My born and raised outdoors Redfoot thread

ZEROPILOT

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I have four Redfoot.
One I rescued from a flea market 8 years ago.
One was hatched and raised in my enclosure and two others that came to me at 4 months old.
These are all more or less 100% raised outdoors here in south Florida.
I provide temperatures, humidity and ground cover that I believe is as close to their natural habitat as can be provided. (My area in general)
However, as you can see. It does not produce the perfectly smooth animals that you find in their home ranges.
Something else is missing.
Your comments are reqested.
 

turtlesteve

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Something else is missing.
Yep, I’m looking for that “something” too. Your redfoots are probably similar to if not smoother than mine, which I hatched / started in a humid closed chamber and moved outdoors at 4”.

I have lots of hypotheses but no data, just general observations that known husbandry factors seem insufficient to explain the presence or absence of pyramiding.

0EC4D239-44A9-41F7-AFFC-D434B611BD5A.jpeg
 

turtlesteve

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I will add that redfoots in my experience are least prone to pyramiding versus any other species I have worked with.
 

ZEROPILOT

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Yep, I’m looking for that “something” too. Your redfoots are probably similar to if not smoother than mine, which I hatched / started in a humid closed chamber and moved outdoors at 4”.

I have lots of hypotheses but no data, just general observations that known husbandry factors seem insufficient to explain the presence or absence of pyramiding.

View attachment 299509
Humidity, diet, temperature, genetics probably...
 

Srmcclure

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This is the Wild Child.
She somehow hatched in the enclosure and went unnoticed for months until I saw her the first time.
That is about how big mine is! How old is that one? I know its not 100% but maybe they are close-ish in age?? I guessed her to be around 2 or 3, but idk lol
 

newCH

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I have wondered that myself. Probably something like humans & that some are predisposed to freckles & some are not.
Maybe there is a gene for accelerated keratin production. I have no idea.
 

TammyJ

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I believe that humidity and moist cover in warm conditions are the key factors to promote smooth shell growth. Mine are also born and grew outdoors in Jamaica and have very mild pyramiding, hardly noticeable really. I cover their outdoor enclosure with a tarpaulin every night and half uncover it in the daytime but not completely. Damp leaf cover is offered and they will go under it if they feel like it, and they often do. Also, their shells get muddy sometimes, and I believe the mud help keep moisture on their shells. All in all, they get as much warm, damp atmosphere and options as I, the sun, the rain, and nature can provide.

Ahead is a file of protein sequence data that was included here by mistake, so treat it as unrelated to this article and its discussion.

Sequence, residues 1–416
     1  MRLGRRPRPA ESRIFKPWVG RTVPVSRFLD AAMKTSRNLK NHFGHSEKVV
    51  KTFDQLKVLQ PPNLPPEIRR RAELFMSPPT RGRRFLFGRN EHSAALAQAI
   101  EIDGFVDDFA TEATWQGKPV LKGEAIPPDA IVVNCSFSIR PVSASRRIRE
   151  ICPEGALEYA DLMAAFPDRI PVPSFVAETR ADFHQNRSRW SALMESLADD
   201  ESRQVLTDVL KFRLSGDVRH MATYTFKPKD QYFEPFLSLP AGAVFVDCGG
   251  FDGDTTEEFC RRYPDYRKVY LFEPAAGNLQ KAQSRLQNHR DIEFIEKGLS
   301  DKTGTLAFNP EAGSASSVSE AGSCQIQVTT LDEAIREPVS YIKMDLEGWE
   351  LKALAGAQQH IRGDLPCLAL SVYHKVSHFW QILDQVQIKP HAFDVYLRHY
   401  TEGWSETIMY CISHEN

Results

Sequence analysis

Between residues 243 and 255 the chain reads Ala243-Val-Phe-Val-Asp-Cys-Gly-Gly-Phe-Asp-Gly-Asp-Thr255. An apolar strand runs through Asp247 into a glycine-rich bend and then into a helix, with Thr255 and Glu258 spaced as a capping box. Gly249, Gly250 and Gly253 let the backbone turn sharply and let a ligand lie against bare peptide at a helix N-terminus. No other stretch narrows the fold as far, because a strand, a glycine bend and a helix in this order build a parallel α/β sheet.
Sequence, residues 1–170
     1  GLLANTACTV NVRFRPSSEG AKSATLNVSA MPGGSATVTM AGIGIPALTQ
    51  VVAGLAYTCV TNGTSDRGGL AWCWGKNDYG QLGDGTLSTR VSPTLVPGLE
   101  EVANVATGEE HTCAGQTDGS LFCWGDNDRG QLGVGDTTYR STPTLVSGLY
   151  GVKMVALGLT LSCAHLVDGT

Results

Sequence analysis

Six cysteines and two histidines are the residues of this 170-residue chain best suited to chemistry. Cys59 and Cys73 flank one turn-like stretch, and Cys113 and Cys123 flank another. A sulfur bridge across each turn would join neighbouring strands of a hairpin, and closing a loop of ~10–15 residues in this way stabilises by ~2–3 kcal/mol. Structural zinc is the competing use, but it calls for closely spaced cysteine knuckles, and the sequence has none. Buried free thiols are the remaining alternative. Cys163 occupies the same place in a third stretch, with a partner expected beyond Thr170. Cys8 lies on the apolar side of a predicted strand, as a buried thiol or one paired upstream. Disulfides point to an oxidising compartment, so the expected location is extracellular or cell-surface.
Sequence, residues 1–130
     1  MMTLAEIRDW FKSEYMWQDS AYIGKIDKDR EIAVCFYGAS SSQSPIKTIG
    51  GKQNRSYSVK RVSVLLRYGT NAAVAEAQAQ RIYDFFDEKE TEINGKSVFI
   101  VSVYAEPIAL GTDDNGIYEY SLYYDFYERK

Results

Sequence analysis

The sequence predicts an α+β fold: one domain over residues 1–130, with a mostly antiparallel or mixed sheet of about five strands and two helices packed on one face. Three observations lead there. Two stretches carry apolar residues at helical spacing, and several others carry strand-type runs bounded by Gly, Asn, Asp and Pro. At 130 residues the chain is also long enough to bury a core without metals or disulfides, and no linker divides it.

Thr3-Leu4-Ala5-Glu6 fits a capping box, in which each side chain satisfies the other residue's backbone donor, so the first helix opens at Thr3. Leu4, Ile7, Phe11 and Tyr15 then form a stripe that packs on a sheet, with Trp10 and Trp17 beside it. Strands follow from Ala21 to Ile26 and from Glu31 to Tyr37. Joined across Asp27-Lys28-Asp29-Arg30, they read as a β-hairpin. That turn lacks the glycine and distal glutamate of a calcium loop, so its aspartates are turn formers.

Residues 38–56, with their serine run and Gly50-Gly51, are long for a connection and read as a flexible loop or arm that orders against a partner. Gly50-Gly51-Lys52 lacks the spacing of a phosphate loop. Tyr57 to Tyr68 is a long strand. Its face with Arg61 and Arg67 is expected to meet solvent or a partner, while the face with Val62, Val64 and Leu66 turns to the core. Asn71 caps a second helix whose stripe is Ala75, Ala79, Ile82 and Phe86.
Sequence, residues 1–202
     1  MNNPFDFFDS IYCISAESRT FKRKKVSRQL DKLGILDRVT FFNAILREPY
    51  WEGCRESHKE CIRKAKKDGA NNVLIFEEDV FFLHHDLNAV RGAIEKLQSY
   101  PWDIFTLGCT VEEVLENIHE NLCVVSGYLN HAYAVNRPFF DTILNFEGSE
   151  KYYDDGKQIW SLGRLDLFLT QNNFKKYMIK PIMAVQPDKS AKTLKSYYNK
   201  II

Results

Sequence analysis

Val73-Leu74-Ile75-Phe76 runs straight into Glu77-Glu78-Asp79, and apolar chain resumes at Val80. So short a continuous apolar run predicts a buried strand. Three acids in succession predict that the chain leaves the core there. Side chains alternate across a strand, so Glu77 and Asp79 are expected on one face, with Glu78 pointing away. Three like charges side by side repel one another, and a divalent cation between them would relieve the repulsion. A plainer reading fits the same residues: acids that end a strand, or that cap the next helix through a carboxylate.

newCH

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Maybe I am imposing my anxieties onto Sheldon and keeping him too clean. Hmm,
going to look into mud.
 

ZEROPILOT

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That is about how big mine is! How old is that one? I know its not 100% but maybe they are close-ish in age?? I guessed her to be around 2 or 3, but idk lol
Two?
I'm retired.
I lose track of time
 

ZEROPILOT

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Don't brag 😂😉
And thanks!
I'd have to check my old WILD CHILD posts.
She's about 2.5 months older than those posts.
She is growing flat and wide. Not as domed like my others.
She still just does her own thing out there. Often out late at night or not seen for days while everyone one else is eating or swimming.
 
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Something else is missing.
I dabble in a bit of 3D printing and one thing that comes to mind is print layer resolution. Now just bear with me, but what I am referring to is the distance between each layer in the Z axis (up and down) as the filament gets deposited. In 3D printing the higher the resolution the smaller that distance becomes, which turns out in higher quality and smoother prints. In other words each individual layer uses less plastic than a lower resolution layer, but the overall print takes much longer to complete.

As a pretty much inexperienced keeper speaking out loud what I am saying is that maybe the tortoises are experiencing "low resolution" growth due to the consistency/availability of food. Faster growth, than in the wild, could mean thicker "layers" as they "build" giving the carapace that raised appearance. Could it be that in the wild tortoises experience a sort of waxing and waning availability of foods (thinner layers) and take much longer to grow (longer print time)?

Anyways that is what came to mind.
 

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